May 28, 2009
Philana Jarvis, Land Use Planner
Department of Natural Resources
Hatcher Pass Management Plan
550 West 7th Ave., suite 1050
Anchorage, AK 99501-3579
Dear Ms. Jarvis:
The purpose of this letter is to offer the formal scoping comments of the Alaska Quiet Rights Coalition (AQRC) in regard to the Hatcher Pass proposed Management Plan Revision. To date we have participated in the meetings held in both Anchorage and the Mat-Su and, at the recent scoping meeting in Anchorage, offered informal comments.
AQRC is a statewide, nonprofit organization with approximately 600 supporters/members from throughout Alaska. AQRC is dedicated to protecting the rights of Alaskans to quiet places for the benefit of public land users, home owners, communities, businesses, wildlife, visitors and future generations. We seek a fair and balanced allocation of the public lands of Alaska for both non-motorized and motorized users.
Some facts concerning the state-owned lands within the Mat-Su Borough (excluding Hatcher Pass Management Area) are:
of the 14 designated areas managed by the Division of State Parks and Outdoor Recreation, only one, Nancy Lakes State Recreation Area, allocates any land for quiet winter recreation;
`25% of trails (10 out of 40 miles) and approximately 15% (rough estimate) of the 22,476 acres are allocated for non-motorized use;
of the hundreds of thousands of acres of state general domain land and designated state lands, such as the Knik River PUA, managed by the Div. of Mineral, Lands and Water, not one acre has been designated for non-motorized use, summer or winter.
DNR staff have stated the following facts regarding the Hatcher Pass Management Area:
Hatcher Pass contains 213,500 acres;
the state of Alaska owns 203, 500 of those acres (95%);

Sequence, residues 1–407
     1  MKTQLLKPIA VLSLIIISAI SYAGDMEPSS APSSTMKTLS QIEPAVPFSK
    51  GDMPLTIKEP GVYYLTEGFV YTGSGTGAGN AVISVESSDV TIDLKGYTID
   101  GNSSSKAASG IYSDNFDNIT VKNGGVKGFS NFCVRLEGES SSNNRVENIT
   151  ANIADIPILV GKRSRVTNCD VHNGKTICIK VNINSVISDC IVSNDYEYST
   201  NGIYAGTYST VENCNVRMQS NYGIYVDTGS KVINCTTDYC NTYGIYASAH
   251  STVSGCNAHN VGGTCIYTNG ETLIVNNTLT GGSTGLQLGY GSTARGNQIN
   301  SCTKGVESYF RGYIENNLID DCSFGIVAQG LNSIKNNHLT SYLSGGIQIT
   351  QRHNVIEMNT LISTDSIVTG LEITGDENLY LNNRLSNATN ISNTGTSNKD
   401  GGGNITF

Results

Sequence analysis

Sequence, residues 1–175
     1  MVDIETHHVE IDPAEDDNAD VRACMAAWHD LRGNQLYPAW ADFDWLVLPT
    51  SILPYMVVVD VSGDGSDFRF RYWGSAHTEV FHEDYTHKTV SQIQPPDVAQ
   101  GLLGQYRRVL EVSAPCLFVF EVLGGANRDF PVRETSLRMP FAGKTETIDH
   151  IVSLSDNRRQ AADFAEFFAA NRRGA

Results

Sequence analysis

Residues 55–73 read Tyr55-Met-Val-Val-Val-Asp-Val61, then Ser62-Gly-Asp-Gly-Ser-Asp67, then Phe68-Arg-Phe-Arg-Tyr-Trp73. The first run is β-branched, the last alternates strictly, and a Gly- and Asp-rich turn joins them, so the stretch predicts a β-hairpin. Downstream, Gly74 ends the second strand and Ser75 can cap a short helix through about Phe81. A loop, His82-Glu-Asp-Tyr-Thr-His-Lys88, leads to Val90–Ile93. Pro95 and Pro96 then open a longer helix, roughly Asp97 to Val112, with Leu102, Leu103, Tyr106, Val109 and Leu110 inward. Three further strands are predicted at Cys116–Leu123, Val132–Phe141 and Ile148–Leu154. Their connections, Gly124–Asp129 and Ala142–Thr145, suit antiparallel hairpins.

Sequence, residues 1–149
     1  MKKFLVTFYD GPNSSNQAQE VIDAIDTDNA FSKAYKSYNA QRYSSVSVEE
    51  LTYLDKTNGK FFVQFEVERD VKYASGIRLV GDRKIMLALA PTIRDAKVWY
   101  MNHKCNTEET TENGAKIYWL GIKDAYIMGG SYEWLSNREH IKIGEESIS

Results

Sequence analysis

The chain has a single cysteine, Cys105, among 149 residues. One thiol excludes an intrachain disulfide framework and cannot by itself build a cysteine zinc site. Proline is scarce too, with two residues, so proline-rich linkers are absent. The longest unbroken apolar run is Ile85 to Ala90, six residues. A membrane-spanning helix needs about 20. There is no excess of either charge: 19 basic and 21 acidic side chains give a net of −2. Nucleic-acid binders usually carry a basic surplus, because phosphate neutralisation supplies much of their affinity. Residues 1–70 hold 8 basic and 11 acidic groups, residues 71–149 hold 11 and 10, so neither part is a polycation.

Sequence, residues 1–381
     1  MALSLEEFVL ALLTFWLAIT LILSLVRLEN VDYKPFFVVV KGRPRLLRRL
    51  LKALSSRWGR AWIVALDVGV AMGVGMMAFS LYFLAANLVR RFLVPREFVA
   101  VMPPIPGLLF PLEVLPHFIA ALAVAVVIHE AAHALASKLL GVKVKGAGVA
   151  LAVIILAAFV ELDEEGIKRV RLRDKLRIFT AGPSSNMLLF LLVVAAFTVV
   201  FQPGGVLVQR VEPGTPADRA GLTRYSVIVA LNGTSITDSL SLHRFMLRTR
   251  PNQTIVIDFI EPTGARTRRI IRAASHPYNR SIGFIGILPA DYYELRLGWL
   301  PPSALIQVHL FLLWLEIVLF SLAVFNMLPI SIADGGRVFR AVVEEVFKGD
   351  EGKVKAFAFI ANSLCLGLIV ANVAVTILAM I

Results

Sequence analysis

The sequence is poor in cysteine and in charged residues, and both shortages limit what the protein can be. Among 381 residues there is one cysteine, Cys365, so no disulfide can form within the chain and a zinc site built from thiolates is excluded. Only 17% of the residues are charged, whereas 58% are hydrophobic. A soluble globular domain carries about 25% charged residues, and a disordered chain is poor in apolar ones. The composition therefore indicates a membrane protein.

of these state owned acres, 33,000 (16%) are closed to snowmachine use and 27,100 acres (13.2%) are closed to summer ATV use.
The above facts and figures should make clear to all that DNR has failed to provide recreational opportunities for the non-motorized user of state lands in the Mat-Su Borough and that the current Hatcher Pass plan is grossly unbalanced in favor of motorized recreation.
Our first point, therefore, is that the revised management plan must provide a fairer balance between the areas and trails allocated for the non-motorized and the motorized recreationists. Secondly, such areas and trails must offer both easily accessible as well as back-country recreational opportunities, to suit the varying abilities of quiet recreationists. Thirdly, as expressed at the meetings and in the posted comments, it is clear that shared trails or space do not work for a variety of reasons, from safety to robbing the non-motorized user of the quiet experience he/she desires. This requires that trails and areas must be adequately separated. Fourthly, areas set aside for non-motorized use in a plan are meaningless unless the motorized recreationist is aware of the restrictions and honors them. This requires that clear boundaries be established on the ground and be enforced. These four concerns could be most easily met in the revised Management Plan by designating the east side of Hatcher Pass as non-motorized and the west side motorized. A snowmachine corridor (or corridors) could be designated to permit travel from parking lots to the motorized area routed around, not through, the non-motorized areas if at all feasible.
Additionally, should additional lands be added to the management area, they must be designated in a fashion which protects mountaineering and the Mountain Club huts from motorized visits and use. If the revision results in only minor tinkering with boundaries we urge that the Gold Mint Valley, on both sides of the Little Susitna, be designated non-motorized as a minimum adjustment which would help rectify the current imbalance in the plan.
Thank you for this opportunity to offer scoping comments.
Susan Olsen, President
Alaska Quiet Rights Coalition
P.O. Box 202592
Anchorage, AK 99516